Thursday, while flying to a quilt retreat, I realized what a “distracted” culture I live in.
The “Flight of Distraction”
I am joining some quilting friends this weekend on a retreat they are attending.
Originally I had planned not to attend this retreat (I was trying to “watch my pennies”) however after writing the post Live. Love. Laugh. I started thinking that given all the craziness in the world, it is important to keep fun time with friends in my life.
This retreat is located in a place I fondly call “South Canada” (northern Washington State) so to save 8+ hours of driving each way, I treated myself and booked a flight to the retreat. On the flight, I had an intense realization how distracted in general we are from the world around us. At least in my little part of the world.
As I boarded the plane and walked down the aisle to find my seat, I noticed how most of the passengers were entranced by their smartphones – some talking on their phones, but most of them texting or playing games on their phones.
If it was not a smartphone, then they had an iPad on and were staring at and interacting with the screen. Few people were talking to their companions or introducing themselves to the passenger next to them.
I found my aisle seat and greeted the gentleman who was in the window seat, as we would be flying together for the next hour. He barely mumbled hello to me and went back to watching a movie on his iPad.
As the aircraft doors closed and the plane began to taxi, the flight attendants began their flight safety instructions. They asked the passengers to turn their attention to the flight attendant giving the instructions, and it seems NO ONE but myself looked up at the flight attendant.
My fellow passenger was deep in his movie. The children seated in front of me were playing iPad games. Their father to the aisle seat right of them, had a movie on his iPad AND was playing solitaire on his smartphone!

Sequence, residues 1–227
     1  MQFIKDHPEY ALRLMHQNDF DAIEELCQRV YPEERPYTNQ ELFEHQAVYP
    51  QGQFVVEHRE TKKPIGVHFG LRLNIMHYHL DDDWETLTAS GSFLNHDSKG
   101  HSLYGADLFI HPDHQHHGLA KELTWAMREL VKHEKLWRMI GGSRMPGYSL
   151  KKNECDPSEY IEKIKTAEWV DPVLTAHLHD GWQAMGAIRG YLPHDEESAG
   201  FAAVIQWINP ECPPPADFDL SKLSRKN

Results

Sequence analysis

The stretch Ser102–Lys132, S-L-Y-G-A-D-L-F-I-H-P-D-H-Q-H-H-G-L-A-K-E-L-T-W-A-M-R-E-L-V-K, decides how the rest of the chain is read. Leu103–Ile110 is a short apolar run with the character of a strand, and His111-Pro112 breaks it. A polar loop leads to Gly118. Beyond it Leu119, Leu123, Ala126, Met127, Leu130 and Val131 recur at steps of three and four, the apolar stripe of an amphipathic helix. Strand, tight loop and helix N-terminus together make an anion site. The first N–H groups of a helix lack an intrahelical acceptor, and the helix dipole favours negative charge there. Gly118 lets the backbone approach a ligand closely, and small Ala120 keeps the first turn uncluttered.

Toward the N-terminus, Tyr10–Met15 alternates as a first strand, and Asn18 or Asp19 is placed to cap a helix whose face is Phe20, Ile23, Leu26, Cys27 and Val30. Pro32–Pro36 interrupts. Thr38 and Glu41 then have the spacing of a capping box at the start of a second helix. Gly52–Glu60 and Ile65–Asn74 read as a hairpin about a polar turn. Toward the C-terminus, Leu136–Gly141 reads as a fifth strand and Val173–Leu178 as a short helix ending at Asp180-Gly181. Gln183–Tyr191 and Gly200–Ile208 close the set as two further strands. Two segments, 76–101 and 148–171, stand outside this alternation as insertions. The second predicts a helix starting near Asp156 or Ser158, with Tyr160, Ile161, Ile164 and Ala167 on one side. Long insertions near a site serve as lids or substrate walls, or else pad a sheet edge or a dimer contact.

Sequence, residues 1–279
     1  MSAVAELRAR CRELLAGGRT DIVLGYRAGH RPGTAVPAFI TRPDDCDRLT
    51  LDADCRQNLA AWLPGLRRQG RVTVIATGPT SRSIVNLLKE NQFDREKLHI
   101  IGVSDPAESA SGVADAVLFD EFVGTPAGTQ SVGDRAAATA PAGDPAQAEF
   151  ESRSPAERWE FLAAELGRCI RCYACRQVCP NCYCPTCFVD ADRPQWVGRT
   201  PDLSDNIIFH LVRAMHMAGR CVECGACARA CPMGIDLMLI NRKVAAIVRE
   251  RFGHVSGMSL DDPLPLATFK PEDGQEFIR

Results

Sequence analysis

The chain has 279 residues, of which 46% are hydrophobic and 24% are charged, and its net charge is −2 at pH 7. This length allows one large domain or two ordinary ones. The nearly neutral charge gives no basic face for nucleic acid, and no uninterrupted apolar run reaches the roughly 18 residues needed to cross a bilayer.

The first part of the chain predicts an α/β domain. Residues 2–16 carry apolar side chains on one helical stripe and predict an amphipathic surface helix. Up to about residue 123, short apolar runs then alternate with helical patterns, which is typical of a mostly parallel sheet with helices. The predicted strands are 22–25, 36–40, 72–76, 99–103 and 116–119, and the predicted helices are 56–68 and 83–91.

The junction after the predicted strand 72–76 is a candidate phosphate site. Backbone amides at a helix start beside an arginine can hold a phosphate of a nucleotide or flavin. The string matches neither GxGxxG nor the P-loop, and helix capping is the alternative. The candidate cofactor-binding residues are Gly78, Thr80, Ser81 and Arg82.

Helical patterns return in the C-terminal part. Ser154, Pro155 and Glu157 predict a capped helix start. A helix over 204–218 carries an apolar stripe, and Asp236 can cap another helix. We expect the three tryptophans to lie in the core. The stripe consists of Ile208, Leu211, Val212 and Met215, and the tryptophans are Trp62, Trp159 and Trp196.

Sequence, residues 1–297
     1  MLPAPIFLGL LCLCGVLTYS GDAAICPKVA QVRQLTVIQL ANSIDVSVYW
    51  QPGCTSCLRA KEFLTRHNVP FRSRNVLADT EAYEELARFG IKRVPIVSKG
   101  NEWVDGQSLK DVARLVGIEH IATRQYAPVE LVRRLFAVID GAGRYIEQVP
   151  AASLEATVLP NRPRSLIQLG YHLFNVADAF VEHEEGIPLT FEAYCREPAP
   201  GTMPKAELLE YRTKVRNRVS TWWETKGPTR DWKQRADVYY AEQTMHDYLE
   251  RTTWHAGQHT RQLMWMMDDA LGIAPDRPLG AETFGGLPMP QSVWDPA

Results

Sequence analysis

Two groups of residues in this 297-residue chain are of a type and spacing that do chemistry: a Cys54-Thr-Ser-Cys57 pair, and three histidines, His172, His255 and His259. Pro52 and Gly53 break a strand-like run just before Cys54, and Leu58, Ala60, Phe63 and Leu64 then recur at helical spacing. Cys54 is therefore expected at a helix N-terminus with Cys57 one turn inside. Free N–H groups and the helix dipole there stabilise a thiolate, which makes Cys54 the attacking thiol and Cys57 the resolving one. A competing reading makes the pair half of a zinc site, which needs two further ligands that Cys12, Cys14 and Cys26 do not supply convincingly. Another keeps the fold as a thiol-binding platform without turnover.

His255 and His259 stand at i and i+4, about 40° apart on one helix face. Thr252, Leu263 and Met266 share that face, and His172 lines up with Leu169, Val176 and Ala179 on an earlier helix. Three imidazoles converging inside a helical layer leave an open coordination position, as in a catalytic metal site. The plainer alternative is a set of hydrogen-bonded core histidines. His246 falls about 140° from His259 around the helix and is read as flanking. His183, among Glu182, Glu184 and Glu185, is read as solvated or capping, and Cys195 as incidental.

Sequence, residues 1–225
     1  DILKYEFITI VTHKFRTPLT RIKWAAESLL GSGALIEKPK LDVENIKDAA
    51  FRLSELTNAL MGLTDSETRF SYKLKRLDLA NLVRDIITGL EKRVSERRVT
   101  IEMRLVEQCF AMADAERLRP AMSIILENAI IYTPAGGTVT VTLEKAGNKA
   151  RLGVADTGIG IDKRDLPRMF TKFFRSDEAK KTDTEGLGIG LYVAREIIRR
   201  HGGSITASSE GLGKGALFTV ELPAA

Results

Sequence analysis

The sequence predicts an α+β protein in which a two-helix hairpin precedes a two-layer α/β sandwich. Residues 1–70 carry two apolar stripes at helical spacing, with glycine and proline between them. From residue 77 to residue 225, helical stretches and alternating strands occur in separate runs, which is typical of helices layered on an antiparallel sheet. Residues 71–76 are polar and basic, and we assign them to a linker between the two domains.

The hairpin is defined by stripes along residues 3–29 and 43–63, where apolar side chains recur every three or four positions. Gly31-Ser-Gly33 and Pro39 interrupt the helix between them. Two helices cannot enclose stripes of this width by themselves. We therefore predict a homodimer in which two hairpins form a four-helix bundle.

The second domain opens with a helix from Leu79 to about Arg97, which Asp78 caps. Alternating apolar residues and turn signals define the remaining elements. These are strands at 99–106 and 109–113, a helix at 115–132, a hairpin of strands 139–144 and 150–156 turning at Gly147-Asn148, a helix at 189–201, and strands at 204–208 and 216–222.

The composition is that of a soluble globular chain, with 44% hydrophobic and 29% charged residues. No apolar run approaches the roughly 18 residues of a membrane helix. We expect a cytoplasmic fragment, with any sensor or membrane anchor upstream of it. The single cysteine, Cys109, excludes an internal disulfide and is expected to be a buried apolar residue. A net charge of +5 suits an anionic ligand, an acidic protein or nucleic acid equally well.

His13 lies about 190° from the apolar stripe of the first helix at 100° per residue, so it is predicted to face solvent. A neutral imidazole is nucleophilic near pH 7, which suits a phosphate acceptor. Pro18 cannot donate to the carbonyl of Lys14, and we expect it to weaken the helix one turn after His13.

(Side note: I remember when you had to put away your phone and your tablet for take off until the plane reached a certain altitude. However those rules were lifted and now you can keep these devices out during taxing and take off as long as you have them in “airplane mode”. I think having to put away the devices for a while used to encourage people to just lay back and relax or read for a while.)
As everyone on the plane appeared to have headphones on, it was unlikely that they could hear the flight attendant’s instructions. The flight attendant on the PA system giving the flight safety instructions could have said:
“You will experience some initial nausea during interdimensional time travel as your molecules quickly separate and then reassemble”.
I had brought a library book to read on the flight. I remember the day when most people had a book. magazine or newspaper they were reading on a flight. I love reading a book on a plane and then nodding off into a delicious little nap. The best “flight naps” are when you wake up and you are nearly at your destination.
While reading my book, Crafting the Personal Essay : A Guide to Writing and Publishing Creative Nonfiction (Dinty W. Moore, 2010) I came across this statement that seemed very appropriate to my current experience on the “Flight of Distraction”:
In our highly visual culture – television, movies, videos on iPad – it is important to remember just how magical good writing can be. – Dinty W. Moore
Note this publication date of the book was 2010. We are even more distracted in 2016!
An Important Reminder
The room I am staying in at the quilting retreat is decorated in modern decor and has “chalkboard” style art. One of the chalkboard-style wall decorations has a saying that really resonated with me given my “Flight of Distraction” experience:
I have people in my life, who I adore, but when I am with them, I am also with their phone. Their phone is always the other person in the room with us, they are listening for and checking their texts. It seems as if my company is not enough for them.
I try to make an effort that my phone is not an extra person in the room. When I am hanging out with you, I am with you, not with my phone. If I am expecting an important phone call, I might let my companion know but I do not check (or listen for texts) when hanging out with friends.
There is more going on in life then on the smartphone or tablet. (Now do not get me started on how I feel about people walking around and texting without looking up at their surroundings…)